Hurricane season in Florida varies from year to year. As a result, you may not know whether or not your crawl space is prone to flooding until the weather takes a turn for the worse.
If you’ve already invested in the standard insulation process, you may wonder: what else can be done to protect the belongings you’ve stored in your crawl space? When it comes down to it, you may need to install a vapor barrier.
What is a vapor barrier, though, and what circumstances make one necessary?
What Are the Signs of a Leaking Crawl Space?
Before you undertake any kind of waterproofing, you’ll need to be certain your crawl space is consistently leaking. Signs of a leaky crawl space include:
- Cooler temperatures – Your crawl space is already going to be cooler than the rest of your home, as it’s located underground. However, if you notice the temperature dropping rapidly in your crawl space, you may have a leak. Why? Because the excess dampness that results from a leak will make it more difficult to temperature control your crawl space. As a result, the temperature will drop.
- Water damaged belongings – If the belongings in your crawl space are starting to warp or disintegrate, you can assume water has been reaching them after a bad storm.
- Bad smells – If you leave your crawl space damp for an extended period of time, the whole of it is going to start to stink. That scent will likely make its way up into the rest of your home, offering you concrete evidence that your crawl space is leaking.
- Warping wood – Long-term exposure to dampness or standing water will also cause any wooden supports visible in your crawl space to start warping. If you have trouble, then, getting the door to your crawl space open, it may have become damaged as a result of a leak.
- Mold – Mold thrives in dark, damp places. If, when re-organizing your crawl space, you notice mold clusters near the joints of your crawl space, you definitely have a leak. You’ll want to treat these clusters as soon as possible so that they don’t release pathogens into the rest of your home.
- Standing water – Naturally, if you’re having to remove water by the bucket out of your crawl space, you’re dealing with a pretty severe leak. This is the kind of leak that will benefit from a multitude of waterproofing solutions stacked on one another, including a vapor barrier.
How to Waterproof a Crawl Space
If you believe your crawl space is leaking, you’re going to need to speak to a contractor about the various waterproofing solutions you have available to you. In general, the process involves the following:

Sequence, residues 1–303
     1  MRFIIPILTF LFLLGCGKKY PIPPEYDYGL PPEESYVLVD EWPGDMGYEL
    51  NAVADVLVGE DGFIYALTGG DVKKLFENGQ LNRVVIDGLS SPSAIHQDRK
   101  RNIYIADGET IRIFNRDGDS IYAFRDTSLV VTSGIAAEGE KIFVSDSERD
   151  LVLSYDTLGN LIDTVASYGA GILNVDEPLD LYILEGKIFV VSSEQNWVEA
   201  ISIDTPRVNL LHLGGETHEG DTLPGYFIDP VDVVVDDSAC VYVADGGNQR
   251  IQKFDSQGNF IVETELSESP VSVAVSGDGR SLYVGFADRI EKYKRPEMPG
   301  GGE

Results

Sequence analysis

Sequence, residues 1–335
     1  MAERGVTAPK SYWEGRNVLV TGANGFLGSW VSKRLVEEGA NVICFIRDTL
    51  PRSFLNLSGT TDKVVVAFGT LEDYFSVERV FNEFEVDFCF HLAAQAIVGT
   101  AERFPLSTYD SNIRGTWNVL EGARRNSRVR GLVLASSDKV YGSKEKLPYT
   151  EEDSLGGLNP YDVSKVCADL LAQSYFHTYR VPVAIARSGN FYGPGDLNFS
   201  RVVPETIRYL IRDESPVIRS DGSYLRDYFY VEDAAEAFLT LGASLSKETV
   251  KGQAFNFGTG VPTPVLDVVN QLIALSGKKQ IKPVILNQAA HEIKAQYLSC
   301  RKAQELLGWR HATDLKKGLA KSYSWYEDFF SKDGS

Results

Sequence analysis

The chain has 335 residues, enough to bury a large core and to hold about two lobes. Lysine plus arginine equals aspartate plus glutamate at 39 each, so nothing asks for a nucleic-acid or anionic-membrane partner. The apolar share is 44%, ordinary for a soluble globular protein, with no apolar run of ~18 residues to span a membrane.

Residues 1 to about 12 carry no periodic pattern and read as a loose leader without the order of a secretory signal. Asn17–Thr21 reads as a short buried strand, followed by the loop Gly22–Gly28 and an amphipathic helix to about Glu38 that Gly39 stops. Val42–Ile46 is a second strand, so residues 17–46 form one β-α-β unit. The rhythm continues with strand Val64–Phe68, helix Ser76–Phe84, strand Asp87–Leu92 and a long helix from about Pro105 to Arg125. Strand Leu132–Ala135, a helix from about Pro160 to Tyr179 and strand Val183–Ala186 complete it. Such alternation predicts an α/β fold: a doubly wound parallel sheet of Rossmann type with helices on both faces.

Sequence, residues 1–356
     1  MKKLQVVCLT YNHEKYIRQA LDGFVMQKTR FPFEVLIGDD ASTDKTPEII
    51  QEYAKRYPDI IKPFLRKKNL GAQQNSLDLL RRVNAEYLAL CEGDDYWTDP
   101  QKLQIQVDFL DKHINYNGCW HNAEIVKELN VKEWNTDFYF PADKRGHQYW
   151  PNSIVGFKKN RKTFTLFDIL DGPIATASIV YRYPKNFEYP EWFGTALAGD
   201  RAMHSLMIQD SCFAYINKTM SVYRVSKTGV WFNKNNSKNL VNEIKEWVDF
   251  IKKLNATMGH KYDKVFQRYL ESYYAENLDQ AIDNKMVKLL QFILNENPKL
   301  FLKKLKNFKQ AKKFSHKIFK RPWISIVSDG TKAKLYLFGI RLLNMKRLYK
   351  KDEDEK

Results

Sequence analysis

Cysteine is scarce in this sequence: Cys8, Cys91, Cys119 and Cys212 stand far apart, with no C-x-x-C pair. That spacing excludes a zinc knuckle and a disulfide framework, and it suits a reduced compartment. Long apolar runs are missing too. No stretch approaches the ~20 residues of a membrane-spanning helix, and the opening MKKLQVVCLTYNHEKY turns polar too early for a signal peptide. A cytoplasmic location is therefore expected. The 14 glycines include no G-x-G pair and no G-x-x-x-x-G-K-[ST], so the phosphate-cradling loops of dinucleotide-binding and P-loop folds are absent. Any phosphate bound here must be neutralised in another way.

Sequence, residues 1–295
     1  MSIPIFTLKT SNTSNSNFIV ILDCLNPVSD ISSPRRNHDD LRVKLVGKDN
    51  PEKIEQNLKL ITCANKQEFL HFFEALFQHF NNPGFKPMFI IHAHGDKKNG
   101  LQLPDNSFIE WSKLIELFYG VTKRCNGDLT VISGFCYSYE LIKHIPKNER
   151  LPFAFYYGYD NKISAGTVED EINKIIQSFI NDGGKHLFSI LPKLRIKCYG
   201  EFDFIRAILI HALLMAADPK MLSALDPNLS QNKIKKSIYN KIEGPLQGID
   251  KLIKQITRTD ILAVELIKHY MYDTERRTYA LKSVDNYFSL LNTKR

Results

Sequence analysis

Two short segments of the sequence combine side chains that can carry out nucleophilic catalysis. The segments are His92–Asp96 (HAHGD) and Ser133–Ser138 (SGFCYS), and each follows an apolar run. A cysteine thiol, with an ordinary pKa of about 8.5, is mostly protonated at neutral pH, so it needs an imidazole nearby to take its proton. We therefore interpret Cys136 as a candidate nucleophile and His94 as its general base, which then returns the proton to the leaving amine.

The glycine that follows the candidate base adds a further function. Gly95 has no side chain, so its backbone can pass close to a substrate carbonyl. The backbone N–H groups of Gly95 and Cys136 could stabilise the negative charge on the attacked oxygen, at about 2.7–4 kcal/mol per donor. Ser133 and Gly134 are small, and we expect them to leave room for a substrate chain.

- Cleaning up – Before getting started, you’re going to need to remove the standing water or existing dampness from your crawl space
- Finding the leak – Leaks in your walls or joints should be relatively easy to find, as you’ll be able to follow the flow of water through your crawl space. However, if the leak is coming up through your foundation, the waterproofing process you’ll have to undergo will be more intensive than expected.
- Plugging the leak – With the help of a contractor, you’ll need to plug the leak in your crawl space before moving forward with other waterproofing solutions.
- Removing old insulation – Insulation that’s been damaged by standing water or exposure to dampness can release pathogens or allergens into the rest of your home. You’ll need to have it removed to preserve the health of your home
- Install a vapor barrier – These barriers, usually made of a white, plastic-like material. Coupled with perimeter drainage and a sump pump system, it will help redirect floodwaters and precipitation away from your crawl space
- Install a dehumidifier – Optionally, you can ask your contractor to install a dehumidifier and protect your crawl space from additional dampness
This process, known as the encapsulation process, is designed to keep your crawl space safe from leaks in the walls as well as leaks that would come up through your foundation.
What is a Crawl Space Vapor Barrier?
You know how the process works, then, but what exactly is a vapor barrier? Vapor barriers are, as mentioned, thick, plastic-like sheets that cannot be permeated by air or most types of gas. This means that installing one in your crawl space will keep the space from breathing or taking in air from the surrounding environment. By limiting your space’s exposure to damp air, a crawl space vapor barrier prevents rust, rot, and moisture from reaching the belongings you’ve stored in your space.
To encapsulate your crawl space by installing a vapor barrier, you’re going to need to take exact measurements of your crawl space. This includes:
- The length of your foundation walls
- The height of your foundation walls
- The lowest points in your crawl space
- Your crawl space’s access point (and its size)
- The location of any foundation vents
You’re also going to need to make cuts to allow for any vents, electrical circuits or pipes you have exposed in the space.
Vapor barriers like the one installed by our experts will permanently isolate your crawl space from the earth to properly seal it from outside air and water, and make it less attractive to pests. You also can pair a vapor barrier with other waterproofing solutions, like a dehumidifier or a sump pump, to help it remain functional.
Don’t lose your crawl space to Florida’s weather. Use a vapor barrier to protect your belongings and to take back your crawl space. Contact a local crawl space expert today for a free inspection and estimate for beneficial repairs.